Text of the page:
NEW VENTURE

Sequoia Capital, under fire for its all-male leadership, named its first US female investing partner

Sequoia Capital, a famed Silicon Valley investment firm that has recently come under fire for its all-male leadership, has hired its first US female partner. Jess Lee, CEO of online fashion company Polyvore (acquired by Yahoo for more than $200 million last year), will become the 11th partner at the firm’s Menlo Park office beginning in November.

The firm has tremendous influence and has invested in some of the most iconic companies of our time—Google, Apple, PayPal. Partner Alfred Lin tweeted the news this morning:

This is big news not just for Sequoia, but also for the VC world in general, which is notorious for its “bro” culture.

Last December, Sequoia chairman Michael Moritz told Bloomberg’s Emily Chang that the firm wasn’t willing to “lower our standards” in order to meet quotas. After receiving blowback for his comments, Moritz amended his comments the next day: “I know there are many remarkable women who would flourish in the venture business. We’re working hard to find them and would be ecstatic if more joined Sequoia or other firms.”

Four months later, after partner Michael Goguen left the firm amidst an explosive lawsuit, Facebook VP Mike Vernal joined the firm, raising the issue of its lack of diversity once again. Amidst the controversy around Moritz’s comments, the firm noted that it has female investing partners in China and India, and hired investment analyst Stephanie Zhan in Menlo Park.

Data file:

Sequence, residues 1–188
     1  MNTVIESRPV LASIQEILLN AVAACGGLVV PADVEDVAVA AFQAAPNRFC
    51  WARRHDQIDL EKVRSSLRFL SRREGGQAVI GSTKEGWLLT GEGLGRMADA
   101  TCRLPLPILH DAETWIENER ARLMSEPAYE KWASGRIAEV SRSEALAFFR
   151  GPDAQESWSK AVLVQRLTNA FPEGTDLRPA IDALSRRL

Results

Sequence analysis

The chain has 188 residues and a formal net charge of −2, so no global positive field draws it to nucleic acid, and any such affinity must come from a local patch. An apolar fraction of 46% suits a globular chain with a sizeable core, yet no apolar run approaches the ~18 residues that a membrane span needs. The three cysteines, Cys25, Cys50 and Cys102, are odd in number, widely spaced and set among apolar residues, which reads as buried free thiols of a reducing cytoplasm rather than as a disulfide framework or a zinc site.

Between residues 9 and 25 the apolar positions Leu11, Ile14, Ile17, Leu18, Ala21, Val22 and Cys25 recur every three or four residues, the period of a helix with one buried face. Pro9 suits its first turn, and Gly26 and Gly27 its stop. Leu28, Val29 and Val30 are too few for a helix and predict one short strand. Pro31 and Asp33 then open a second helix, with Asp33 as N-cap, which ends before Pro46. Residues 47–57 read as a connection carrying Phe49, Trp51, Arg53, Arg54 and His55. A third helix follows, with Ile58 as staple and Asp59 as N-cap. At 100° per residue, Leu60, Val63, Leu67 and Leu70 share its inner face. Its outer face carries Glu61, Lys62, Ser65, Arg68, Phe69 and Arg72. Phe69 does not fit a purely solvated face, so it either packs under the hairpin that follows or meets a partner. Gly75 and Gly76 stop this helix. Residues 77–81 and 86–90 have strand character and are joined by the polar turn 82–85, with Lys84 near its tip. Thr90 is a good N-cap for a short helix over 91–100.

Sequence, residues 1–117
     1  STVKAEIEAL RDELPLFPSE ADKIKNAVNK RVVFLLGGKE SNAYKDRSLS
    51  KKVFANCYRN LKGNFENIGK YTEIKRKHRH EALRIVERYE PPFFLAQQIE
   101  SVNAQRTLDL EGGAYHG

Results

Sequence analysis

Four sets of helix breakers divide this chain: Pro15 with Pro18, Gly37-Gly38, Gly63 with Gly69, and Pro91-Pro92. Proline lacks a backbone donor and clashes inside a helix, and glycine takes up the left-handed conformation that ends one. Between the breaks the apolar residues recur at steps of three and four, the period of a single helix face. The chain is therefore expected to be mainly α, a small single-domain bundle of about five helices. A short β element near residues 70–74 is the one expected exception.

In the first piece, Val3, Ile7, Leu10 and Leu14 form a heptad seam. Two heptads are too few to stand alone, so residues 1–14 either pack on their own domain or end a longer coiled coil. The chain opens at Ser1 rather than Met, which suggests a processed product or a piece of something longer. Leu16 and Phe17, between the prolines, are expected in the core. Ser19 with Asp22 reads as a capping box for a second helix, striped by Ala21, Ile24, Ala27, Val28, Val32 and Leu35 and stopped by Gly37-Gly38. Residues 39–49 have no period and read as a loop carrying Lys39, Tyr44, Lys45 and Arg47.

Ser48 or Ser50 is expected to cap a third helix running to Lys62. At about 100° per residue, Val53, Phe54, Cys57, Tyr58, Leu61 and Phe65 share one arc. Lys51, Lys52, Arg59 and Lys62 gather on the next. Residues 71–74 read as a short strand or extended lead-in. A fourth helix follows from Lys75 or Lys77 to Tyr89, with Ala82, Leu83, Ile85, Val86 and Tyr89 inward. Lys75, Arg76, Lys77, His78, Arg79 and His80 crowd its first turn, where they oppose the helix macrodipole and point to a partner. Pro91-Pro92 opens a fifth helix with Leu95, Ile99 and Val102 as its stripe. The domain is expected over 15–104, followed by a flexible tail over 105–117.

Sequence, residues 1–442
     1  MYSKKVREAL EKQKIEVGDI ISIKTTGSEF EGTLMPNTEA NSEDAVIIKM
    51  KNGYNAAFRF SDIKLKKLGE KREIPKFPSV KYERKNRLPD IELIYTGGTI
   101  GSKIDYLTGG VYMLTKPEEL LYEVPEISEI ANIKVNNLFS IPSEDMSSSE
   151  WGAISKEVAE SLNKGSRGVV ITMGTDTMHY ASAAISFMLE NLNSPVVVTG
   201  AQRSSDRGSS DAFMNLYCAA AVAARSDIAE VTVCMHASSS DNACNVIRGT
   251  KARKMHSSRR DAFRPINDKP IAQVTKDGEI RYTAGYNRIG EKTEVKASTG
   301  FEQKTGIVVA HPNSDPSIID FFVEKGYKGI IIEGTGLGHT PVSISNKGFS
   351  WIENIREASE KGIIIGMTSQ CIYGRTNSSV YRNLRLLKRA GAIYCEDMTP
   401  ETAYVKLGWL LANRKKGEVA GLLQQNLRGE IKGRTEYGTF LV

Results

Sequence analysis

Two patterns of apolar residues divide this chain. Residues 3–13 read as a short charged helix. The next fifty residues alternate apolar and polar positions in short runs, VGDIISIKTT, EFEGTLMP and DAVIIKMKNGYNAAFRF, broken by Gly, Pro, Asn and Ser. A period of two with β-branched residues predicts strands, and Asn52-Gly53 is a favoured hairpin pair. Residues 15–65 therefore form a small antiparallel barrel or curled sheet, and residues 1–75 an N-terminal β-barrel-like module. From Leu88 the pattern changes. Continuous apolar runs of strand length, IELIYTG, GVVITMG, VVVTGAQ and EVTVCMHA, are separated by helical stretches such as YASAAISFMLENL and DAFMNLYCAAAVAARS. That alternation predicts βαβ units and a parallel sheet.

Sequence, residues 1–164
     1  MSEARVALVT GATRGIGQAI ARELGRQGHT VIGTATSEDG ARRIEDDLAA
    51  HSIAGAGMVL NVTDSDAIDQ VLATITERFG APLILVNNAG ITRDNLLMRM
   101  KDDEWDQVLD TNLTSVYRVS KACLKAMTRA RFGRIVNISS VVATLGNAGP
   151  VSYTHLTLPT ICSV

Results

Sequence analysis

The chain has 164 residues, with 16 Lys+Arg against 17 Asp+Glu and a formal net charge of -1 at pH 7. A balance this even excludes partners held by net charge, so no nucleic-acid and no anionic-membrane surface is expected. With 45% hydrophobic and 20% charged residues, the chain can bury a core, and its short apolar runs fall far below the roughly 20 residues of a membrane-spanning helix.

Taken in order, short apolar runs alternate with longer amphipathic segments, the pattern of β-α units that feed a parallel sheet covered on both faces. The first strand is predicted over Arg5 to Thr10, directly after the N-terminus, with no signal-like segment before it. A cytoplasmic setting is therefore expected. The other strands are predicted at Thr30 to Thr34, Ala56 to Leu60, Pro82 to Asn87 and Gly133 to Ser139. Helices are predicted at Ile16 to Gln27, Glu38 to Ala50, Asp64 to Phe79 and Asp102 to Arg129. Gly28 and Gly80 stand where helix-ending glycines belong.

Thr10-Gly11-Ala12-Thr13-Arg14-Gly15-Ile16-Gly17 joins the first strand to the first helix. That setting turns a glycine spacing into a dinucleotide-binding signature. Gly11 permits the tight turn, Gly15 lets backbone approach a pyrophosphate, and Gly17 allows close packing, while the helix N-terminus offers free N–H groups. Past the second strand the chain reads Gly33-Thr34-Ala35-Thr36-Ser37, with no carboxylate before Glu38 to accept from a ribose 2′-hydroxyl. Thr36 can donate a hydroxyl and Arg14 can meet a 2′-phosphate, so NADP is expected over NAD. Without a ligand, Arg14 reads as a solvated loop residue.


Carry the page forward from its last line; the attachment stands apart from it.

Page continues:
An in-depth 2015 report on the VC industry, titled “Bros Funding Bros“(published in collaboration between Social Capital and The Information), revealed that most of the top 71 investment firms are predominantly male. The report’s lead author, Chamath Palihapitiya, noted that there is a trickle-down effect when it comes to investing: typically people invest in people who remind them of themselves (hence the title of the report).

In an interview a few months ago, Lee described herself to Quartz as an introverted CEO, which she also said is her greatest strength. She worked hard to develop a culture of transparency at Polyvore. “When you see leaders being authentic and talking about their failures, and not just the successes, it creates an environment where people feel comfortable approaching you,” she says. “If they see you be vulnerable, they are more willing to be vulnerable with you.”

Lee pointed to a study by Google (“Project Aristotle”) on what traits define the best-performing teams. The top predictor was psychologically safety. “If people feel psychologically safe, they can raise problems,” says Lee, who was previously a manager at Google. “You can’t fix things that you don’t even know about.”

The best investors are the ones willing to go into the trenches with their teams. If Lee’s leadership at Polyvore is any indication, she’ll be an excellent addition to the VC industry.

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